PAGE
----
Who might "list to hunt"? Who is the poet addressing in this poem?

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angelacress eNotes educator| Certified Educator

This poem can be viewed as directly allegorical or an extended metaphor. In either case, the hunter, or "Whoso List to Hunt," might be any man who is courting a woman, or pursuing a romantic relationship with a woman who is difficult to attain, or the players may have been Wyatt, Anne Boleyn, and Henry VIII.

The woman is compared to a wild deer who continuously out-paces her pursuer, while the man is compared to a hunter who is growing more and more exhausted with the chase. Despite his exhaustion, however, the man presses onward and continues his pursuit, declaring, "Fainting, I follow." Ultimately, however, the hunter must abandon his pursuit because he finds that the deer, or woman, is the property of another man (she bears a collar that says, in Latin, "Touch me not"). Despite that she has been claimed by another man, the author gives the deer a distinct personality, as she tells him at the end that she cannot really be tamed because she is wild, "And wild for to hold, though I seem tame."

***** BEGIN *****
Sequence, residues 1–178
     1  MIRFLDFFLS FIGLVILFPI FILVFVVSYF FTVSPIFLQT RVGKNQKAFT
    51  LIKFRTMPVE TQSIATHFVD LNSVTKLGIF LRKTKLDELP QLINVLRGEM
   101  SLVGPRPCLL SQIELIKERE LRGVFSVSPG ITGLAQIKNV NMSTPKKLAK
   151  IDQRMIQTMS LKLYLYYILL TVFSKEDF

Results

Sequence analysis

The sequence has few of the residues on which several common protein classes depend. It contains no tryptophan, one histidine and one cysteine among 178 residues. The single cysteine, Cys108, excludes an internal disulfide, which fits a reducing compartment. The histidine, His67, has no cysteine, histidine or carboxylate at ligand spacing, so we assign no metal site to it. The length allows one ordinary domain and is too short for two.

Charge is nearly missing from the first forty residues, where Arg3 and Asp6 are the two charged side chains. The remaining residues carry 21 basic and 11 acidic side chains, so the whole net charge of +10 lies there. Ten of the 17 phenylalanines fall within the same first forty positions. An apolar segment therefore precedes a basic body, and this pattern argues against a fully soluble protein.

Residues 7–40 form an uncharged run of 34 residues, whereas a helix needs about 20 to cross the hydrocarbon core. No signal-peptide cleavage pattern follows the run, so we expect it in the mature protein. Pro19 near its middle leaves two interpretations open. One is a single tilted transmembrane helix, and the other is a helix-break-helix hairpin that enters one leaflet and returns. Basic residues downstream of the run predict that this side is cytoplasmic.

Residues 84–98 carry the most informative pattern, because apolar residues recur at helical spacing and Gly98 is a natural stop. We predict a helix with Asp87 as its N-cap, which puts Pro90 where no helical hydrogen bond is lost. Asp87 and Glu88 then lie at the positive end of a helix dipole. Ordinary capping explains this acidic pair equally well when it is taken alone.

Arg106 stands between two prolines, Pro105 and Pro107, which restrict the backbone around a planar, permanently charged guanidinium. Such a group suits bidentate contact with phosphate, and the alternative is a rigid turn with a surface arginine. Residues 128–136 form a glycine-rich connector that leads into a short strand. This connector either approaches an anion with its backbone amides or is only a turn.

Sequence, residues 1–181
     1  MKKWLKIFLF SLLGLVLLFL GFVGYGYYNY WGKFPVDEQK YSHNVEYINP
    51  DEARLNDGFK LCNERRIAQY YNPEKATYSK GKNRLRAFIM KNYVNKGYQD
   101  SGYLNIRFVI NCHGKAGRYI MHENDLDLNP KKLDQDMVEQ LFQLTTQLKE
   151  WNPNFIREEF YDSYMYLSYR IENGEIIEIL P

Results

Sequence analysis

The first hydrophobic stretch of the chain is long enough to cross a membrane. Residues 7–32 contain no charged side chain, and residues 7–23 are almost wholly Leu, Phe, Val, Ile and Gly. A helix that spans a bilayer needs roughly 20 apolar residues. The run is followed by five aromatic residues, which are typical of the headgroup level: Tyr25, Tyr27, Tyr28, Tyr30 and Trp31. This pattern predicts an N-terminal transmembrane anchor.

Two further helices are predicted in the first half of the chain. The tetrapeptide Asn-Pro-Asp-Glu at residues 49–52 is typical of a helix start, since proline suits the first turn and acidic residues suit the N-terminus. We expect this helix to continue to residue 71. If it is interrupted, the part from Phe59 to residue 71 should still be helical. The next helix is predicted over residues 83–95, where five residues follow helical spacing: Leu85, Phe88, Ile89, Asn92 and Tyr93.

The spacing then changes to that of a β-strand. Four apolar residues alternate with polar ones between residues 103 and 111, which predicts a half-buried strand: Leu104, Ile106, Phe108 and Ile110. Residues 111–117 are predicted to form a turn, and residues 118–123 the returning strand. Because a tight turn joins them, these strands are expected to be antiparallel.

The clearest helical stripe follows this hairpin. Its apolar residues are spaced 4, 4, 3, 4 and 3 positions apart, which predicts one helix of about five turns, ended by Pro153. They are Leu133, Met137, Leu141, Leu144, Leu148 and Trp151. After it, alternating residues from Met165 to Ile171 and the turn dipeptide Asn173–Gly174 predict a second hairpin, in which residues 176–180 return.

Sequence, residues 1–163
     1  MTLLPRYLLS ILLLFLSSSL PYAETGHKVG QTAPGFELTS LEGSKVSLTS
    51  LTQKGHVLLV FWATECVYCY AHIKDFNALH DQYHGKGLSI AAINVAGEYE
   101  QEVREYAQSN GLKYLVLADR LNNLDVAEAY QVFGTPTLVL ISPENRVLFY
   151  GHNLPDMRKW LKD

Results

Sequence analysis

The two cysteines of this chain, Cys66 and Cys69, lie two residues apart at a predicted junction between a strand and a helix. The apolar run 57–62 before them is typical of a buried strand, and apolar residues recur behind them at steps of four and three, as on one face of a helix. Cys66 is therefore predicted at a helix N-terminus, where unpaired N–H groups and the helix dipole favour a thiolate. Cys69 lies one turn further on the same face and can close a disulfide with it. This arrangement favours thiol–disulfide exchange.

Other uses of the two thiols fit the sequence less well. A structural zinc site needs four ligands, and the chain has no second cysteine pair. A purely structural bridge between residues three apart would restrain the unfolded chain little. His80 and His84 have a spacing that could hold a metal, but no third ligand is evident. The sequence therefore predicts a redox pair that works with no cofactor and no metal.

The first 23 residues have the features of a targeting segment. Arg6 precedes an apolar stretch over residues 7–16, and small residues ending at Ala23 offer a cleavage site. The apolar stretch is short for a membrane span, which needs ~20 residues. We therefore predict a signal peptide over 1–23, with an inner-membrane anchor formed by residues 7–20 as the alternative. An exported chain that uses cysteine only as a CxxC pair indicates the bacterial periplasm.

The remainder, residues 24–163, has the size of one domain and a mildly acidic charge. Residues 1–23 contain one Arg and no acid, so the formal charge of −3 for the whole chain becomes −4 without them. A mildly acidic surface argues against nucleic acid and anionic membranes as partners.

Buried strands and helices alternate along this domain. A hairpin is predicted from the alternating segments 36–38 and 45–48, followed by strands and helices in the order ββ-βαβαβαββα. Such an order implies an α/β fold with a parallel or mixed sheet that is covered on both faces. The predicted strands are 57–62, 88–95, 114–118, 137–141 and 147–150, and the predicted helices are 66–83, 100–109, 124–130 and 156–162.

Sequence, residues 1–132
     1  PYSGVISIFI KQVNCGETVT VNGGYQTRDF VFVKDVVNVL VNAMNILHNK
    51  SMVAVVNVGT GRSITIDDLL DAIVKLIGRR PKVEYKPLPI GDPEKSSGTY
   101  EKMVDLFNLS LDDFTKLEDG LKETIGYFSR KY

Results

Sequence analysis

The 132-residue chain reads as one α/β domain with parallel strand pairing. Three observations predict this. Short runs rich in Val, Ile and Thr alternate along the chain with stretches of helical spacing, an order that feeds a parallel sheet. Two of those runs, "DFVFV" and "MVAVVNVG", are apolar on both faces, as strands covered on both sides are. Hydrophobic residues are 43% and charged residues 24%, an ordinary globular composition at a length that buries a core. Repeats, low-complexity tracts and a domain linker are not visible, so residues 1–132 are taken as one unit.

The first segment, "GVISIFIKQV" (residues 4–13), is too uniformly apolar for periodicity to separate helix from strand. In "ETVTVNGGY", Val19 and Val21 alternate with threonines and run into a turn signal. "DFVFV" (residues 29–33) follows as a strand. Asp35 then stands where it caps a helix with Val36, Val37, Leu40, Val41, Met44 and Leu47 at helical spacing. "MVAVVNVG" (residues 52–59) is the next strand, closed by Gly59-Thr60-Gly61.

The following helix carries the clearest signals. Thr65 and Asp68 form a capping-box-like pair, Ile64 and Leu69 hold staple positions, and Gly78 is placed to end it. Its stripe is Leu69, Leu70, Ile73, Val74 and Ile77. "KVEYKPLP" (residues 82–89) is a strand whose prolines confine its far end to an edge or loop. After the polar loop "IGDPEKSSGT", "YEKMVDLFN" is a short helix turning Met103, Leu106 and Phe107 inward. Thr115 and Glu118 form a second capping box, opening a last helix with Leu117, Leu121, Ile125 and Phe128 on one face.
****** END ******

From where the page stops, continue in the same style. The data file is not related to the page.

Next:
Some scholars believe this poem may have been a direct allegory for Henry the VIII's relationship with Anne Boleyn. Wyatt may have been in love with Anne Boleyn as well, a wild and flamboyant spirit, but he had to abandon his pursuit of her when King Henry VIII claimed her as his own.